Keeping Up With Cardio

Have you ever wanted to begin a cardio routine but didn’t know where to start? Or maybe you already have developed a habit, but don’t know if you are getting the most out of it? If you find yourself in this situation, we have some great recommendations to improve your health benefits through this form of exercise. 

According to The Department of Health and Human Services, there are a couple of methods we can use to reap maximum benefits.

150 minutes of moderate intensity cardio weekly: This may seem like a long time, but it can be broken down into more manageable pieces, like 30 minutes for 5 days a week. These 30 minute sessions don’t even have to be done consecutively. If you prefer smaller chunks, it can be further broken into two 15 minute sessions or three 10 minute sessions.

75 minutes of vigorous intensity cardio weekly: You can break it up into three 25 minute sessions or five 15 minute sessions.

How do you know the intensity of your cardio workout? Your heart rate tells all.

The goal for moderate intensity cardio is a target heart rate of 64% to 76% of your maximum heart rate. Vigorous intensity activity is a bit higher—the target is between 77% and 93% of your maximum heart rate.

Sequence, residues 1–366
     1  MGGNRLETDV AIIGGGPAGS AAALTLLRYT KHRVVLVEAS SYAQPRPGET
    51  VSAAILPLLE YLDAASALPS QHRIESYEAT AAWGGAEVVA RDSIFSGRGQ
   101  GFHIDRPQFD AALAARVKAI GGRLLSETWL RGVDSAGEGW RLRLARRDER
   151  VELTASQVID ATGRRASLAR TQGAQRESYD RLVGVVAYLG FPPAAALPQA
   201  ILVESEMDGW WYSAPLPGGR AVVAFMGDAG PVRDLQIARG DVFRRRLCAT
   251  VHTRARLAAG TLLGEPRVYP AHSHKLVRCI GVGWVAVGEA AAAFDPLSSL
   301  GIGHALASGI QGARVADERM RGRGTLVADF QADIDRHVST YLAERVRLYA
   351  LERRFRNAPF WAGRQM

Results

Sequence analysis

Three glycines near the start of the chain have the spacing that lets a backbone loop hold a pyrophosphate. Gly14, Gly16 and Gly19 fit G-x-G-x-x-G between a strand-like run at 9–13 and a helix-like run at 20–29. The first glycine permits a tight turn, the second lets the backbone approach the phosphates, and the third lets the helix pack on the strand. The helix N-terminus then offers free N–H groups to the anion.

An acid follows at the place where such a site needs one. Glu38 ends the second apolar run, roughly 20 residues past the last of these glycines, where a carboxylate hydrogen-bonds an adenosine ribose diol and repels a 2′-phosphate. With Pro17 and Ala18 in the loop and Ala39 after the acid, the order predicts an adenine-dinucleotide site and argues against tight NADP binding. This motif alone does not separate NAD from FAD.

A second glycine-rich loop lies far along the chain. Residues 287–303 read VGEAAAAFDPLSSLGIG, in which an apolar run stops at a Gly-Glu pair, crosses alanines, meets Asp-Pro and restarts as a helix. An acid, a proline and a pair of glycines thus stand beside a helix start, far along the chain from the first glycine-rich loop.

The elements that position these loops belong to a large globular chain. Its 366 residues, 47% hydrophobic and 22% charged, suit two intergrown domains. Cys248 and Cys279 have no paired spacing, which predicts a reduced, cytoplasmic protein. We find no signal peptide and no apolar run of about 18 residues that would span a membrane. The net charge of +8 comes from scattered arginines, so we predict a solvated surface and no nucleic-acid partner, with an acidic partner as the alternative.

For example, if you are 20 years old:

  • Moderate intensity cardio should put your heart rate at 128 bpm – 152 bpm.
  • High intensity cardio would put your heart rate at 154 bpm – 186 bpm.

How do you figure out what your maximum heart rate is and what those percentage numbers are for you personally?

The CDC can walk you through calculating target heart rate goals based on the intensity of your workout and age. The American Heart Association also has this handy dandy chart for quick reference to estimate your target heart rate.

You can keep track of your heart rate a couple of different ways. First, if the cardio machine has a heart rate monitor built in on the handles, that is the simplest method you can utilize. Another way is to have a personal heart rate monitor and track it yourself either directly from the monitor or from a device it is connected to. Lastly, you can track it manually by taking your pulse for 6 seconds, then multiplying that number by 10 to calculate your heart rate. So, if you count to 16 when taking your pulse for 6 seconds, multiply that number by 10. That gives you a heart rate of 160 bpm.

If you’re looking to give cardio a try or improve your own methods, head to the SDFC! Here, we have a variety of resources within your reach to help you succeed: 

If machines are your jam, these are some that are available:

  • Treadmill
  • Elliptical
  • Rowing machine
  • Stair stepper

If you’d rather not use a machine, there are some other options for you: